At least 23 injured after magnitude 6.3 earthquake jolts Japan (PHOTOS)

At least 23 injured after magnitude 6.3 earthquake jolts Japan (PHOTOS)
A powerful 6.3-magnitude earthquake shook western Japan, injuring at least 23 people – seven of them seriously – and damaging several houses.

The Japan Meteorological Agency (JMA) said the quake hit early on Saturday morning near Awaji Island, just south of Kobe, at a depth of 15 kilometers.

The quake was initially measured at 6.0 on the JMA seismic intensity scale, though the agency later upgraded its magnitude to 6.3. The US Geological Survey measured the earthquake at 6.0 on the Richter scale, saying it struck at a more shallow depth of five kilometers.

No tsunami warning was issued, and the country’s Nuclear Regulation Authority said it has received no reports of problems at nuclear facilities.

Many of those who received more serious injuries were elderly people who tripped while attempting to flee, police said.

An 82-year-old woman in Fukui prefecture broke her leg after falling to the ground, and a 74-year-old woman Hyogo prefecture suffered a broken hip bone, AFP reported.

Japanese TV news footage showed houses with broken rooftop tiles and cracked walls, while some areas of the island underwent soil liquefaction – a common side-effect of strong tremors.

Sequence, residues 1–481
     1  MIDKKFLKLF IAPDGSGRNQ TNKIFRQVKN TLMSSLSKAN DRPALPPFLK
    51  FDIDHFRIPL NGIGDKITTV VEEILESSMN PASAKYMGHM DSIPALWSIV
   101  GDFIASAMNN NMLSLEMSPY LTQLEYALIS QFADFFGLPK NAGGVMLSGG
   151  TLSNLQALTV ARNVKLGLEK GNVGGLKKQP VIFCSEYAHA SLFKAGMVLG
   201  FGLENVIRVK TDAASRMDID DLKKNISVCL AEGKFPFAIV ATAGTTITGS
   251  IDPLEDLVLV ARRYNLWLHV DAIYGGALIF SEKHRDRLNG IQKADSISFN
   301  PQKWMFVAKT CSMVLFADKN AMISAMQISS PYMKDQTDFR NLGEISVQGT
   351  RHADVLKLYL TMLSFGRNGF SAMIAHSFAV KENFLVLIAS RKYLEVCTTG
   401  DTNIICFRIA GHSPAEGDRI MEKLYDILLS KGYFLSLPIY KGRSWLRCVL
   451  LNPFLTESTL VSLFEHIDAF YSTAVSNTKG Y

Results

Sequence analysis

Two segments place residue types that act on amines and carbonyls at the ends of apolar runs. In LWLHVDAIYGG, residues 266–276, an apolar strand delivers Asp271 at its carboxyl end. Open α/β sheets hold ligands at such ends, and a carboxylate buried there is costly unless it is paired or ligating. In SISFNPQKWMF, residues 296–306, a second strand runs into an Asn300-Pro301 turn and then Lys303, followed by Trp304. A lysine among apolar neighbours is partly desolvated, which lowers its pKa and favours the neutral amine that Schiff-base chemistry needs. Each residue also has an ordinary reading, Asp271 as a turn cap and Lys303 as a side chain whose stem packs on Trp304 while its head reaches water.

A concrete wall has collapsed at Awaji city in Awaji islad, Hyogo prefecture, western Japan on April 13, 2013 after a strong earthquake (AFP Photo / Jiji Press)

A concrete wall has collapsed in Sumoto, on Awaji island, Hyogo prefecture, western Japan on April 13, 2013 after a strong earthquake attacked (AFP Photo / Jiji Press)

The earthquake was centered in the same region as the 1995 'Kobe earthquake,' a magnitude 7.2 tremor which killed 6,434 people and caused more than $100 billion in damage.

"I was scared to death. I thought a big quake hit again," AFP quoted Hikaru Doi, a 36-year-old employee at a taxi company on Awaji Island, as telling Jiji Press.

In March 2011, a massive 9.0 quake struck northeastern Japan, sparking a tsunami which killed nearly 19,000 people and set off the world’s worst nuclear disaster in a generation.

Japan, which is located near a triple fault line, is considered one of the most quake-prone countries in the world.

A woman walks past collapsed stone wall at a shrine after an earthquake in Sumoto, Hyogo prefecture, western Japan, in this photo taken by Kyodo April 13, 2013 (Reuters / Kyodo)